US economy may shrink in 2nd half '08: IMF's Lipsky

 

US economy may shrink in 2nd half 08: IMFs Lipsky

JACKSON HOLE, Wyo - Recent U.S. growth has been better than expected but the country could still see activity shrink in the second half of the year, a top International Monetary Fund official said on Friday.

By (Reuters)

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Published: Sat 23 Aug 2008, 6:03 PM

Last updated: Sun 5 Apr 2015, 11:56 AM

'Our expectation is that growth will slip back to a considerably below-trend rate and there is even the possibility of a mild contraction in the second half of the year,' IMF First Managing Director John Lipsky told Reuters on the sidelines of an annual central banker retreat here.

He carefully avoided using the word recession, which by tradition is often characterized as two consecutive quarters of negative growth. The arbiter of the U.S. business cycle, the National Bureau of Economic Reserve, draws on a much broader range of measures to assess whether to declare a recession.

Second-quarter U.S. growth notched a better-than-expected 1.9 percent annualized pace and economists think it could be revised even higher.

Lipsky said that his gloom over the second half of the year was despite the resilience between April and June.

The IMF last month raised its forecast for 2008 U.S. growth to 1.3 percent from a mere 0.5 percent previously expected, but said that next year would be slightly softer. Lipsky did, however, see 2009 bringing improvement.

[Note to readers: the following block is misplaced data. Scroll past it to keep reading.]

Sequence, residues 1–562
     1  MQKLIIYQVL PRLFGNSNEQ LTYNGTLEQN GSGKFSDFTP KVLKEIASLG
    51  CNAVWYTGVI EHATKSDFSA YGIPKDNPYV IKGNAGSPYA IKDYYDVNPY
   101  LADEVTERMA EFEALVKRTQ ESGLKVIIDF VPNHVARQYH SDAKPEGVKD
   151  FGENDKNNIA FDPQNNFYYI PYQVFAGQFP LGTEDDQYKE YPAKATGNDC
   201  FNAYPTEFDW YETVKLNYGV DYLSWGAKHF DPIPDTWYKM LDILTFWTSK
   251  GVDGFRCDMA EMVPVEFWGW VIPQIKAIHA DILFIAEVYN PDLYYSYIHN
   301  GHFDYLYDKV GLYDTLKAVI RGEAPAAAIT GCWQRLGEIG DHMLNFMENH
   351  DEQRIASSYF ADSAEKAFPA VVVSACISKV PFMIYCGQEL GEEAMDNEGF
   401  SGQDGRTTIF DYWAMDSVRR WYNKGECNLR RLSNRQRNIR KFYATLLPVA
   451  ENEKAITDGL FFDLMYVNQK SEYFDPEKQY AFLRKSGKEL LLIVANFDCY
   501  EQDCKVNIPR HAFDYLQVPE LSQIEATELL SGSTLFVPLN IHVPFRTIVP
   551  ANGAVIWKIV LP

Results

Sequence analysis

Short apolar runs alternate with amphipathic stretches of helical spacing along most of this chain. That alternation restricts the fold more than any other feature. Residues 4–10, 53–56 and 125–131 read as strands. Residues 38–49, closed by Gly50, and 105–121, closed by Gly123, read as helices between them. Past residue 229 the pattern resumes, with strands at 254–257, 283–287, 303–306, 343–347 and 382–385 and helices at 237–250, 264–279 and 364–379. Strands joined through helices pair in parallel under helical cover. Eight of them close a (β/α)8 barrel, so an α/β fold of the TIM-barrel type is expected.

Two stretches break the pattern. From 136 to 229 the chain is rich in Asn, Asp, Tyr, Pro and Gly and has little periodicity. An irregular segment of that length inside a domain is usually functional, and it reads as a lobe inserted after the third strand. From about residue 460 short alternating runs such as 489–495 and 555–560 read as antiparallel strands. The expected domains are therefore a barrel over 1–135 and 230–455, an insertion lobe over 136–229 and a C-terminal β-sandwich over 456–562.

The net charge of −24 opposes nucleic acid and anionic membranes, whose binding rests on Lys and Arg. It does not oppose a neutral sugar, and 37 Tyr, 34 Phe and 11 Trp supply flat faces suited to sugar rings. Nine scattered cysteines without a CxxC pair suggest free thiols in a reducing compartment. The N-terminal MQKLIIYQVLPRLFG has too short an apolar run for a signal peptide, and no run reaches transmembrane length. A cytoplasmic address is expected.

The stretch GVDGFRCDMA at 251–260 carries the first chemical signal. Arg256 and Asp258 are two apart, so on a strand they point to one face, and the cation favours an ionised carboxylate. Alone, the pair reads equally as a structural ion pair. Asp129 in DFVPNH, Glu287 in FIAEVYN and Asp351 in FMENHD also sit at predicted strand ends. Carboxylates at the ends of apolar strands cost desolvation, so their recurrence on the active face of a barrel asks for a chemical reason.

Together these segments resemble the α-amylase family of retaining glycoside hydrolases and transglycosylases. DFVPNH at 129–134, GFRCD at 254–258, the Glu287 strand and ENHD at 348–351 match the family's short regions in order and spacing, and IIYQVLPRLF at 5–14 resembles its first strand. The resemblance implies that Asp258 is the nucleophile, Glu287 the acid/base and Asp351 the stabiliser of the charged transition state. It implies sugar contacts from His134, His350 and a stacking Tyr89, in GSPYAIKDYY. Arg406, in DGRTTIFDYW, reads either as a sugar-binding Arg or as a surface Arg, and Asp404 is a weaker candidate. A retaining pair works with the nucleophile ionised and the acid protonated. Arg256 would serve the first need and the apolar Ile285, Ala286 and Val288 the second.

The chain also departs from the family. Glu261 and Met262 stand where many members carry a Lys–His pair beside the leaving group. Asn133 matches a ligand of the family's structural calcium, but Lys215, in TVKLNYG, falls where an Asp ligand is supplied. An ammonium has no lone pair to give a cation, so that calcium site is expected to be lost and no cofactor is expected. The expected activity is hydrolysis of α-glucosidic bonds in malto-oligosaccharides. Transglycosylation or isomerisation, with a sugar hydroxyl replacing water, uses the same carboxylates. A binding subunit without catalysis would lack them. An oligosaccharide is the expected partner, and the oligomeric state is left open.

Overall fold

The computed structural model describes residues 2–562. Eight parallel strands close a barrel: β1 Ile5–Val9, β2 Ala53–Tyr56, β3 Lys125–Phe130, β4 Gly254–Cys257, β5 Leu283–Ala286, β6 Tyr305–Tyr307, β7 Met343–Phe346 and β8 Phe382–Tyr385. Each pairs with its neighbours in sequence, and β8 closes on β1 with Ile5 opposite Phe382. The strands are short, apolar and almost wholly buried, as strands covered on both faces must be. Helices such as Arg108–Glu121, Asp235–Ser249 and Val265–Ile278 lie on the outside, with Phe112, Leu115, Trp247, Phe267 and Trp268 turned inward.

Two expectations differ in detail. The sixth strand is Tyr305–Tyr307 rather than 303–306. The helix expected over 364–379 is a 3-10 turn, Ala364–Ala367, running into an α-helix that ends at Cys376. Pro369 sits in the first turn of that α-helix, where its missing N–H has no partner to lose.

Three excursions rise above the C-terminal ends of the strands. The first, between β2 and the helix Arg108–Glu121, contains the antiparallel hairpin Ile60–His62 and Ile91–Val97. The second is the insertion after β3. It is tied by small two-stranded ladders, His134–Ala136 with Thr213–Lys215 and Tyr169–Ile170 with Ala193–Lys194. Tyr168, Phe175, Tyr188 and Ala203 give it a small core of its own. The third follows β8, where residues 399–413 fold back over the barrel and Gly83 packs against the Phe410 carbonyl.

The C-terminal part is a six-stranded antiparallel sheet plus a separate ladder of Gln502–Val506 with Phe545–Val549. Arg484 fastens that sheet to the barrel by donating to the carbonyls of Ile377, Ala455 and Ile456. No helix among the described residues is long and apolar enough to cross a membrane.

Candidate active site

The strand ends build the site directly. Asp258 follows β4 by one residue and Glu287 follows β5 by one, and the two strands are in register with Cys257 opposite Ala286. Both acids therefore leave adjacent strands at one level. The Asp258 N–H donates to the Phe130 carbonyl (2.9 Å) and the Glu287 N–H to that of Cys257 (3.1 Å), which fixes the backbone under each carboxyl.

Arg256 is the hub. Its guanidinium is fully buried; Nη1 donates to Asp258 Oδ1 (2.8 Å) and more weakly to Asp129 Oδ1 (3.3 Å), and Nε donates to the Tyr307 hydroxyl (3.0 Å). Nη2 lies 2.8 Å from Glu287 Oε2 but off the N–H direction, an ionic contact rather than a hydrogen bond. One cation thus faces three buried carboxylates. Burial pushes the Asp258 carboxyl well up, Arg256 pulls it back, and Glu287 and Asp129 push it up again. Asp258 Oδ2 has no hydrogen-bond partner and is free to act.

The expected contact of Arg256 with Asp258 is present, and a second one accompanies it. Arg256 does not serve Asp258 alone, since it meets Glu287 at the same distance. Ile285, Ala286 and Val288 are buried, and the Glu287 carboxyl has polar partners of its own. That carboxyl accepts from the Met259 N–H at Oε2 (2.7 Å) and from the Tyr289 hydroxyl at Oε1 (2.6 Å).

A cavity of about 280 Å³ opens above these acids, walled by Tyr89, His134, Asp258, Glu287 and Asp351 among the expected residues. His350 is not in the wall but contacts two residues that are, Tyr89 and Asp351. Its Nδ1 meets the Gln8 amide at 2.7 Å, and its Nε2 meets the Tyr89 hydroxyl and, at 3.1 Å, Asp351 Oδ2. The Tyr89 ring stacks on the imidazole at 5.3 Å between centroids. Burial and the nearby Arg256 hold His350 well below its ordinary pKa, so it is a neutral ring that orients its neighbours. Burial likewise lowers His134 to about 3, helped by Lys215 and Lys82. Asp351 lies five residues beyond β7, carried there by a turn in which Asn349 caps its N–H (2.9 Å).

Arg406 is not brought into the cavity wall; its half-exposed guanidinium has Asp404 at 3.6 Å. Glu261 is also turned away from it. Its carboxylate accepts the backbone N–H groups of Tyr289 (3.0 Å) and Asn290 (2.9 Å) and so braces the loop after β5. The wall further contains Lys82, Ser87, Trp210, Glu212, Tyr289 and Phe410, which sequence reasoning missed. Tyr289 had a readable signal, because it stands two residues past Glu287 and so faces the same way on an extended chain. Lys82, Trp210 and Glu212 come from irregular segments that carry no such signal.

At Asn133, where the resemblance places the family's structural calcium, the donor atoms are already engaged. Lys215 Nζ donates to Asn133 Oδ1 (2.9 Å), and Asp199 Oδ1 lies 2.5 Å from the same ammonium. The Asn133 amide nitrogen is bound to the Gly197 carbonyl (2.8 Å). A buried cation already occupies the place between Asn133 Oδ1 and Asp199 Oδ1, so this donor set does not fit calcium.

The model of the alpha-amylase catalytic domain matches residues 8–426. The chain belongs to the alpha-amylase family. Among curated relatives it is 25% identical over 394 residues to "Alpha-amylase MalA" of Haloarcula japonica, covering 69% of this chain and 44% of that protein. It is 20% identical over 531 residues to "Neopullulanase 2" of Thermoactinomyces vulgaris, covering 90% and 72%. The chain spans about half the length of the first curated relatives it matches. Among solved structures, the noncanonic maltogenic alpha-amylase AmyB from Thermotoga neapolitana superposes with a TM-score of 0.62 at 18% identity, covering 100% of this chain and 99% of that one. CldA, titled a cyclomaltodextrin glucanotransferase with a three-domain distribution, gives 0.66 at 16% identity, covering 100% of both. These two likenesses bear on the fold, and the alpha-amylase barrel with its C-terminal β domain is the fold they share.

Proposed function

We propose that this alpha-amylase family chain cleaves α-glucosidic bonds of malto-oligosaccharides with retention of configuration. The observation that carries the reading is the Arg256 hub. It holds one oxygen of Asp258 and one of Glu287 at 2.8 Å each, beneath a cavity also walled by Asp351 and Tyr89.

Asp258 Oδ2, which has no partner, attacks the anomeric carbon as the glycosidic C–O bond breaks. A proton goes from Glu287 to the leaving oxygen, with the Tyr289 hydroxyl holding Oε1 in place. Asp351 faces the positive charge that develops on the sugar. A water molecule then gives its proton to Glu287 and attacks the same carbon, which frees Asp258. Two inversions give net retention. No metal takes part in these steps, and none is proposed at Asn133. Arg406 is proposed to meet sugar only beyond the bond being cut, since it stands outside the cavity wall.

'Our expectation is that that very sluggish period is likely to give way to a very gradual re-acceleration back to trend growth in the space of the coming year,' he said.

'Economies tend to want to grow. In the U.S. context, one of the surprises ... has been the strength of productivity growth, which has kept unit labor costs moving at a slower pace and corporate profit have held up better,' he said.

The IMF said last month that the case for Fed rate hikes was unclear. The U.S. central bank has slashed its benchmark overnight fed funds rate 3.25 percentage points to 2 percent to shield the economy from a housing crisis and credit crunch.

Lipsky, attending the annual monetary policy symposium hosted by the Kansas City Federal reserve in the Teton Mountain resort of Jackson Hole, said there had been no overt criticism of the Fed's lack of action.

'The Fed has responded with alacrity and decisiveness to the unfolding events. Some of those actions are going to be controversial. But what you don't hear are criticism that the Fed has been a laggard, unaware or passive,' he said.



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